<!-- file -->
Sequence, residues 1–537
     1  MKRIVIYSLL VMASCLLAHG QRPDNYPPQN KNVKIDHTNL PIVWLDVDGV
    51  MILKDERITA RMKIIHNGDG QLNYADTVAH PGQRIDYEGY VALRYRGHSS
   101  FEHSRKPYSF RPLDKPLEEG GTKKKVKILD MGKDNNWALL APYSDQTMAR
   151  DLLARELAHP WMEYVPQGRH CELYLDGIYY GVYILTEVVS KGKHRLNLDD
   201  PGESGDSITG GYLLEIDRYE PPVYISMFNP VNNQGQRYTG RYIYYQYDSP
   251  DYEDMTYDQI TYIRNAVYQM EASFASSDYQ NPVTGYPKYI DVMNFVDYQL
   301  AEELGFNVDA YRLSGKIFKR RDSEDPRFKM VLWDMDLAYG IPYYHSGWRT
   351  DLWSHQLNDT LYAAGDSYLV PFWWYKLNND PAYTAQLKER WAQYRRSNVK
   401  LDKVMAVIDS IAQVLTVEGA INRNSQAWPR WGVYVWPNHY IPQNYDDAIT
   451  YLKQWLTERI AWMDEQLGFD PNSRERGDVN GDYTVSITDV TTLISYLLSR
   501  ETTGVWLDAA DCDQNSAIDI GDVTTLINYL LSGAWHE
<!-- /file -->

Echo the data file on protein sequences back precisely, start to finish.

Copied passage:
Sequence, residues 1–537
     1  MKRIVIYSLL VMASCLLAHG QRPDNYPPQN KNVKIDHTNL PIVWLDVDGV
    51  MILKDERITA RMKIIHNGDG QLNYADTVAH PGQRIDYEGY VALRYRGHSS
   101  FEHSRKPYSF RPLDKPLEEG GTKKKVKILD MGKDNNWALL APYSDQTMAR
   151  DLLARELAHP WMEYVPQGRH CELYLDGIYY GVYILTEVVS KGKHRLNLDD
   201  PGESGDSITG GYLLEIDRYE PPVYISMFNP VNNQGQRYTG RYIYYQYDSP
   251  DYEDMTYDQI TYIRNAVYQM EASFASSDYQ NPVTGYPKYI DVMNFVDYQL
   301  AEELGFNVDA YRLSGKIFKR RDSEDPRFKM VLWDMDLAYG IPYYHSGWRT
   351  DLWSHQLNDT LYAAGDSYLV PFWWYKLNND PAYTAQLKER WAQYRRSNVK
   401  LDKVMAVIDS IAQVLTVEGA INRNSQAWPR WGVYVWPNHY IPQNYDDAIT
   451  YLKQWLTERI AWMDEQLGFD PNSRERGDVN GDYTVSITDV TTLISYLLSR
   501  ETTGVWLDAA DCDQNSAIDI GDVTTLINYL LSGAWHE